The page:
It’s about time for another overview of some of the books I have been reading. I’m not going to list nearly all of the books I have read in the past few months, but I will name a few I can recommend. I’m part of a local library book club, which I love, but I don’t always love the books! And sometimes my interest is piqued in a book that I later find disappointing.
I’ll start with a couple children’s books. My 3-year-old’s favorite book is Sam Who Was Swallowed by a Shark by Phyllis Root. (Keane is not the first of our children to absolutely love this book!) It’s sweet, dreamy, and charmingly illustrated. The story appeals to the wandering child hidden in all of us. Our family quotes from the book when we are feeling sorry for ourselves: “Poor Sam, tangled up in wild seaweed. Poor Sam, swallowed by a shark.” Another line I use when I am talking about something I really want to do: “The sea is calling me…It sings to me in my dreams.” By the way, Sam was not swallowed by a shark, contrary to the dire predictions of Mr. Barleybean and Mrs. Seednibbler.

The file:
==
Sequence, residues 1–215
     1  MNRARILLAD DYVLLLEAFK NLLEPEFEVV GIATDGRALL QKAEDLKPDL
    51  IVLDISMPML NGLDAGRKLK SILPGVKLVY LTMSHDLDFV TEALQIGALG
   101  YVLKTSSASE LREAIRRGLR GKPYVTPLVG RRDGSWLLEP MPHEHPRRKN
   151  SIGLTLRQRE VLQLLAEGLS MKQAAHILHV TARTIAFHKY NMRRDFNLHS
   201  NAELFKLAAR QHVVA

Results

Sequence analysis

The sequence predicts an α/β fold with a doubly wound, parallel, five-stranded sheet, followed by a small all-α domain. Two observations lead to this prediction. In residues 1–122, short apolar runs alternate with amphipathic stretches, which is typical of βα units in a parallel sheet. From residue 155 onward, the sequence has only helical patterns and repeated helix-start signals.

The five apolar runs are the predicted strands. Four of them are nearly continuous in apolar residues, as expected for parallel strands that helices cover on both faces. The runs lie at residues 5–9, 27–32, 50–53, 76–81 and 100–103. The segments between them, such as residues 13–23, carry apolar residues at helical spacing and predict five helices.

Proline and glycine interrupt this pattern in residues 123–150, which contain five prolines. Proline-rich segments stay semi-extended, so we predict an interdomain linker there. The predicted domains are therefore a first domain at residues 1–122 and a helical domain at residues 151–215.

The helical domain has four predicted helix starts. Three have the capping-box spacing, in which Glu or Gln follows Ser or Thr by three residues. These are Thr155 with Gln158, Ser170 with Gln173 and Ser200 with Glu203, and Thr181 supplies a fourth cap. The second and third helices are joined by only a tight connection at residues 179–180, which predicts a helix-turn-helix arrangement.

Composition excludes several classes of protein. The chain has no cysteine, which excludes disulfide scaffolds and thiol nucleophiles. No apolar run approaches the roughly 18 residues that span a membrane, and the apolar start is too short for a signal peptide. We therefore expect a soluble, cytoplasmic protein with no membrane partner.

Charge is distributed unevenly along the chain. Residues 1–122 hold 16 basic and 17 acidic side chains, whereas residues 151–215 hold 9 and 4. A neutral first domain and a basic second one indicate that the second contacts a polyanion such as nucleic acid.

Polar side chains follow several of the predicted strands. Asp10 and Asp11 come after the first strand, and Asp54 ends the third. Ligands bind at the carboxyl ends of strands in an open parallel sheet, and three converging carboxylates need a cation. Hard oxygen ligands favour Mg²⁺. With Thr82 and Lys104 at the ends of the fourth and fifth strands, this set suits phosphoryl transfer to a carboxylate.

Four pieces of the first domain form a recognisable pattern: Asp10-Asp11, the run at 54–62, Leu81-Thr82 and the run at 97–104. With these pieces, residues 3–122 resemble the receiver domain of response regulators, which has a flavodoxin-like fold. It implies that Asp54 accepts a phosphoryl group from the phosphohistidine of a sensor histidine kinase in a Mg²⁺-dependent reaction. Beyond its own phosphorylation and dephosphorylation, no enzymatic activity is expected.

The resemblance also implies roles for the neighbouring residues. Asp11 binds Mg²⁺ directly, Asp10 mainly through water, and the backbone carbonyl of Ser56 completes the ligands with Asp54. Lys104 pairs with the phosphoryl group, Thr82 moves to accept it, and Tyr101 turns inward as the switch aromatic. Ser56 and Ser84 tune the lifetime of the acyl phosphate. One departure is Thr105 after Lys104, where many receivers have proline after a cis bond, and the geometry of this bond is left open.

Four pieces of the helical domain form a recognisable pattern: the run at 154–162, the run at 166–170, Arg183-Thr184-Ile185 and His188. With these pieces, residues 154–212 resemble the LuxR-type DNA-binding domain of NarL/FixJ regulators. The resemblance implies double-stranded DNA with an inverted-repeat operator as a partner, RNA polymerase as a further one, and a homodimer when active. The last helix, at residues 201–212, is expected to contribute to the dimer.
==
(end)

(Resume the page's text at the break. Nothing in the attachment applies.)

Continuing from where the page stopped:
Another children’s book that gets us every time is The Piggy in the Puddle. This book written by Charlotte Pomerantz is delightful and funny; the play on words only adds to the hilarity! Both adults and children at our house laugh and laugh over the stubborn pig who refuses to get out of the puddle. The piggy dawdles and diddles, she waddles in the merry middle. The ending of the book is priceless!
My boys love The Action Bible: God’s Redemptive Story. One of the midwives I work with recommended this, and I am not sorry I bought it! The Action Bible is packed with cartoon drawings and follows the chrononogical storyline of the Bible. Early readers can catch a lot just by looking at all the pictures. My eight-year-old son literally spends hours reading this book.
Fish in a Tree by Lynda Mullaly Hunt is a poignant story of a girl with dyslexia who didn’t fit in, and who didn’t realize how gifted she really was. She gained a new perspective on life thanks to a kind, tenacious teacher. This is a tender story that helps us understand the desire to belong, and the intrinsic worth of each person whether or not they “fit in.”